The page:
Tacrolimus Offers Better Response Rates, Infection Risks in Lupus Nephritis
SAN FRANCISCO, CA—Tacrolimus outperforms cyclophosphamide (CYC) and mycophenolate mofetil (MMF) as an induction therapy for lupus nephritis, achieving superior overall response rates and reducing the risk of serious infections, according to a meta-analysis of data from nine studies, reported at the 2015 ACR/ARHP Annual Meeting.
“Tacrolimus was the most efficacious induction treatment for patients with lupus nephritis, and had the highest probability of decreasing the risk of serious infections,” reported study authors Young Ho Lee, MD, and Gwan Gyu Song, MD, of the Division of Rheumatology, Korea University Medical Center in Seoul, South Korea, in a poster presentation.
“Higher remission rates combined with a more favorable safety profile suggest that MMF is superior to CYC as induction treatment in these patients,” they reported.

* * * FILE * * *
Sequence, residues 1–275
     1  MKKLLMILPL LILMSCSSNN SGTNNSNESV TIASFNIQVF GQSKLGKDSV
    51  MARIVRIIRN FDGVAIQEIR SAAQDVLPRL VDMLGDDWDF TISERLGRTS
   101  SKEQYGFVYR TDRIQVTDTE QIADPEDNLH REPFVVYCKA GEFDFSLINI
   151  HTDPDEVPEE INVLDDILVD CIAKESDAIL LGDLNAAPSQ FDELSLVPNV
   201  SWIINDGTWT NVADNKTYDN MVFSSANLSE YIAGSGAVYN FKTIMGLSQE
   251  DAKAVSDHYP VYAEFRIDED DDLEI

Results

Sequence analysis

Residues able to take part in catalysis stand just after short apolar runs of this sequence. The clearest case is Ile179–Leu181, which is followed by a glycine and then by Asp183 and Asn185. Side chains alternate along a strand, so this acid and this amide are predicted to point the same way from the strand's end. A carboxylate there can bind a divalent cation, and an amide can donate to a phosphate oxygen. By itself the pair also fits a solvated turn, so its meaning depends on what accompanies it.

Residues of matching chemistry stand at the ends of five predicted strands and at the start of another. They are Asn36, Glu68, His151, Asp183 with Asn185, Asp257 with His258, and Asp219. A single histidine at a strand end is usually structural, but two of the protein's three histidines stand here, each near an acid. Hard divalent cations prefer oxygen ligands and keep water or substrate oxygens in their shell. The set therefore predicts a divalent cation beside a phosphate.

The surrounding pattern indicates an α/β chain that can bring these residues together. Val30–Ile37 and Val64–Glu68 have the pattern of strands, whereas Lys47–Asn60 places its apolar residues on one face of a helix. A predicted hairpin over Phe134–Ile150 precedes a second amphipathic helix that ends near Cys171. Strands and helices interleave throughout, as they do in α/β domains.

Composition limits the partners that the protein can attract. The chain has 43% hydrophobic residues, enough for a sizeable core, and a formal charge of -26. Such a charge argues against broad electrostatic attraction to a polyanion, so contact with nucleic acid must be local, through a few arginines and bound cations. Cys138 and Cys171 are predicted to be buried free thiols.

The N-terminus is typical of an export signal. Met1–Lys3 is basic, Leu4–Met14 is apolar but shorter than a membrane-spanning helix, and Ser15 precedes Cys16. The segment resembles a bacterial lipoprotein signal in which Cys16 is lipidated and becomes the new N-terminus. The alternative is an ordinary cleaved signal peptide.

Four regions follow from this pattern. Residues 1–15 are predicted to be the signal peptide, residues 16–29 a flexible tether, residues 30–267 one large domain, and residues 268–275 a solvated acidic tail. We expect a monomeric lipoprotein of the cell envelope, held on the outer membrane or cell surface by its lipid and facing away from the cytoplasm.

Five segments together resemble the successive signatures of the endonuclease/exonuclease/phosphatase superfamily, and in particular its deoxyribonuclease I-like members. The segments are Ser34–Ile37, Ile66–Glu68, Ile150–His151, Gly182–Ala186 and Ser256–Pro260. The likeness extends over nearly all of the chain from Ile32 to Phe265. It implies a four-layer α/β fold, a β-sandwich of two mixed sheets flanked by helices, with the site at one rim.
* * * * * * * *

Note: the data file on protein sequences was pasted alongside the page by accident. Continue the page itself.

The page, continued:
CYC regimens “have long been considered the gold standard for inducing renal remission and preventing renal flares in [WHO class III and IV] proliferative glomerulonephritis,” they noted. But CYC regimens' benefits are “outweighed by the significant drug-related adverse effects,” including elevated risks of serious infections and ovarian toxicity.
Randomized controlled clinical efficacy and safety trials for other immunosuppressive induction drugs are needed for treating lupus nephritis but relatively few such studies have been undertaken–and they have been largely inconclusive, thanks to small sample sizes. By pooling data for analysis from multiple studies of induction therapy with tacrolimus, MMF, and CYC for lupus nephritis, the study authors sought to clarify the relative safety and efficacy of these alternative induction regimens.
Nine randomized clinical trials met inclusion criteria, representing 972 patients.
“Tacrolimus showed a significantly higher overall response rate (complete remission plus partial remission) than CYC (OR [odds ratio] 2.35, 95% credible interval [CrI] 1.03–5.45), and was more efficacious than MMF (OR 1.60, 95% CrI 0.70–3.57),” Drs. Lee and Song reported. “MMF was superior to CYC in terms of overall response (OR 1.45, 95% CrI 0.96–2.42). “
Tacrolimus “had the highest probability of being the best treatment for achieving the overall response, followed by MMF, and CYC,” they concluded. “In terms of safety, tacrolimus showed the highest probability of decreasing the risk of serious infections, followed by MMF, and CYC.”